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EFFECTS OF DIETARY PROTEIN AND LIPID LEVELS ON GROWTH, FEED UTILIZATION AND BODY COMPOSITION OF JUVENILE GRASS CARP (Ctenopharyngodon idella)

Kenan Köprücü

Firat University, Faculty of Fisheries, Elazig

*Corresponding Author:
Kenan KÖPRÜCÜ
Firat University, Faculty of Fisheries
23119 Elazığ, TURKEY
Tel: (+90 424) 237 00 00/4530
Fax: (+90 424) 238 62 87
E-mail: [email protected]
 
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Abstract

A growth trial was conducted for 90 days to evaluate the effects of dietary protein and lipid levels on growth performance, feed utilization, and whole body chemical composition of juve-nile grass carp. Six practical diets containing two dietary digestible protein levels (P1: 33% and P2: 37%) and three lipid levels (L1: 4%, L2: 6% and L3: 8%) were prepared. Fish were fed to satiation three times a day. There were significant differences between the weight gain (387-594%), specific growth rate (1.7-2.1%), feed intake (46.1-51.4 g fish-1), feed conversion ratio (FCR, 1.2-1.7), protein efficiency ratio (PER, 1.6-2.4), hepatosomatic index (3-3.2%), digesti-ble protein (87.4-93.5%), lipid (91.1-97.6%) and energy (87.6-93.5%) values and the whole body fat content (16.6-18.6%) for fish fed on the experimental diets. Growth-performance, FCR, PER, feed intake, digestible protein, lipid and energy values were found higher for P1L2 diet group compared to all other experimental diets (P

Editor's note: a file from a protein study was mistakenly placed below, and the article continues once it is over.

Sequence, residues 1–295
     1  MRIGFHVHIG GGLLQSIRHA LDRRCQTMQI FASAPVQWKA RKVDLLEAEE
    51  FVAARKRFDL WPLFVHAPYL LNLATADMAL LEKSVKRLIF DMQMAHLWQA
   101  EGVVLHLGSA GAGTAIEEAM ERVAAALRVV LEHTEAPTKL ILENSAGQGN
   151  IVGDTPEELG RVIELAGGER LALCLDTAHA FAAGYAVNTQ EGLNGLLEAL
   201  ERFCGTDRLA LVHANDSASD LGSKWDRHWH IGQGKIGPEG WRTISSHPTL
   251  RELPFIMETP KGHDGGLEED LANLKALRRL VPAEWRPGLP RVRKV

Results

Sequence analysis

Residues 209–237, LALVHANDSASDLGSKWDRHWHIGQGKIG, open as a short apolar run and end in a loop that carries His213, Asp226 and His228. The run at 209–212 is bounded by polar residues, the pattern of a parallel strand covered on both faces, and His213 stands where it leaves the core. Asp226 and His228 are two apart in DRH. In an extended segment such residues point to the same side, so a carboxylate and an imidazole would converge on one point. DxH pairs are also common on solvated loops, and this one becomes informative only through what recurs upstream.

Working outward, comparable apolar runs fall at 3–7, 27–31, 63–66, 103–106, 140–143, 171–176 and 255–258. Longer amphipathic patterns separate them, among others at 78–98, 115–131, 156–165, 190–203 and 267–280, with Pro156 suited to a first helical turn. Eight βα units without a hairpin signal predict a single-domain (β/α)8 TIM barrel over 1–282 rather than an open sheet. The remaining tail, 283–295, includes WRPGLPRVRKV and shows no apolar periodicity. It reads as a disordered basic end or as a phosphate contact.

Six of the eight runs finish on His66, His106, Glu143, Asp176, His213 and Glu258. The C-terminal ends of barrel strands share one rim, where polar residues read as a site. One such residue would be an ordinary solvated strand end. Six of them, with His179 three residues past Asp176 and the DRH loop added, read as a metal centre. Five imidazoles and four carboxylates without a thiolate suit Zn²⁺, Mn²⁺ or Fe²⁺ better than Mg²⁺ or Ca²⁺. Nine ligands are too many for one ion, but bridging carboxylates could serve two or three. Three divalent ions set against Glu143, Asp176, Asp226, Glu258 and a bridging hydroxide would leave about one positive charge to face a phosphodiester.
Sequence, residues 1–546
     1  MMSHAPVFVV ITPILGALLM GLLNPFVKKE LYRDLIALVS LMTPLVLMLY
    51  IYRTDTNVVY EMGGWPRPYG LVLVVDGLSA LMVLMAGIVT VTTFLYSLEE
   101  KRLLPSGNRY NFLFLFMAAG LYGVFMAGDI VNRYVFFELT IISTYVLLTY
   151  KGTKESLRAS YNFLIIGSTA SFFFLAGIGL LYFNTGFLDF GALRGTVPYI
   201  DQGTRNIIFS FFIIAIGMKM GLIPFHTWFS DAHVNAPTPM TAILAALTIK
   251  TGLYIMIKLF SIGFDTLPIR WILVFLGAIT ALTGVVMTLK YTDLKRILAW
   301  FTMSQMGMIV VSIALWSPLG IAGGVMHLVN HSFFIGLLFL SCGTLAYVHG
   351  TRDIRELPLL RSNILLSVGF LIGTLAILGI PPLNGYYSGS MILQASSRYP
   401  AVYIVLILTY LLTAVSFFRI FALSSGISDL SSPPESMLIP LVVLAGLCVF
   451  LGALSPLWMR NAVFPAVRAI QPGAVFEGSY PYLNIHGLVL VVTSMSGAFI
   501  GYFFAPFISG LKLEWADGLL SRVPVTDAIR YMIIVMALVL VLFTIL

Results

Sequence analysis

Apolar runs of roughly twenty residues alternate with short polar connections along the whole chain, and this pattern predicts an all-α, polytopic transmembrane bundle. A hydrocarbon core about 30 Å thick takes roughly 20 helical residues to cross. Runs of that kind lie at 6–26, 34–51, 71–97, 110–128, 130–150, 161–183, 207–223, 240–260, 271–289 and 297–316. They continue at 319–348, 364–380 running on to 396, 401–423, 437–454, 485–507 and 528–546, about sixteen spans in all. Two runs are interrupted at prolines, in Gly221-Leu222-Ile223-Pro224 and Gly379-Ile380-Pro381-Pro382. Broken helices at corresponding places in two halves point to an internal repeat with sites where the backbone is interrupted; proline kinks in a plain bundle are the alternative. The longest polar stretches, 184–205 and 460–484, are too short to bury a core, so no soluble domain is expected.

Keywords

Diet, Digestibility, Grass carp, Growth, Lipid, Protein

Introduction

It was well known that fish utilize protein preferentially to lipid or carbohydrate as an en-ergy source. Therefore, from the nutritional, envi-ronmental and economical points of view, it is important to improve protein utilization for tissue synthesis rather than for energy purpose. Within certain limits, increasing dietary lipid levels im-prove diet utilization (Sargent et al., 1999).

Dietary lipid was also reported to bring pro-tein sparing effect, replacing protein, which may otherwise be used to provide energy (NRC, 1992; Vargara et al., 1996), to reduce organic matter and nitrogen losses (Du et al., 2005). But, some authors have observed no protein sparing effect of lipid in some fish species (Danielssen and Hjertnes, 1993). In salmon aquaculture today, high fat diet has normally been used. However, excessive dietary lipid negatively affected growth performance and reduced feed consumptions and utilization of other nutrients, which led to fat deposition on viscera or the carcass (Shiau and Huang, 1990). Excessive lipid in the diet not only suppresses fatty acid synthesis, but also reduces the ability of fish to digest and assimilate lipids (Sargent et al., 1999). Therefore, a proper ratio of digestible protein to digestible lipid is necessary to achieve high growth rate and feed conversion efficiency (Takeuchi et al., 1978).